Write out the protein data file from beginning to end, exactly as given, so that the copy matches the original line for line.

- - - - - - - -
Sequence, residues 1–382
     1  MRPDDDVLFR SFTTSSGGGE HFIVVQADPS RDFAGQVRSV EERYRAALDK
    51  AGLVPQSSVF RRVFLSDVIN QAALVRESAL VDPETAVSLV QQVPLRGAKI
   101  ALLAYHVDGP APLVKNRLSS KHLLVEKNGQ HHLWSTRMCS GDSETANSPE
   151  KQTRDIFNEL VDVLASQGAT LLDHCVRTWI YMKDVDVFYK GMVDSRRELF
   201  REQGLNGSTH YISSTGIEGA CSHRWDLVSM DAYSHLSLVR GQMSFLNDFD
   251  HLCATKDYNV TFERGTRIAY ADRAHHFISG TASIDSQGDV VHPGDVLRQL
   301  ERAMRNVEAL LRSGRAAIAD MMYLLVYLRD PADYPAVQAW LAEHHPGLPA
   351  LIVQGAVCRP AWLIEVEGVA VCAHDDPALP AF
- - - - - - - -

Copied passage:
Sequence, residues 1–382
     1  MRPDDDVLFR SFTTSSGGGE HFIVVQADPS RDFAGQVRSV EERYRAALDK
    51  AGLVPQSSVF RRVFLSDVIN QAALVRESAL VDPETAVSLV QQVPLRGAKI
   101  ALLAYHVDGP APLVKNRLSS KHLLVEKNGQ HHLWSTRMCS GDSETANSPE
   151  KQTRDIFNEL VDVLASQGAT LLDHCVRTWI YMKDVDVFYK GMVDSRRELF
   201  REQGLNGSTH YISSTGIEGA CSHRWDLVSM DAYSHLSLVR GQMSFLNDFD
   251  HLCATKDYNV TFERGTRIAY ADRAHHFISG TASIDSQGDV VHPGDVLRQL
   301  ERAMRNVEAL LRSGRAAIAD MMYLLVYLRD PADYPAVQAW LAEHHPGLPA
   351  LIVQGAVCRP AWLIEVEGVA VCAHDDPALP AF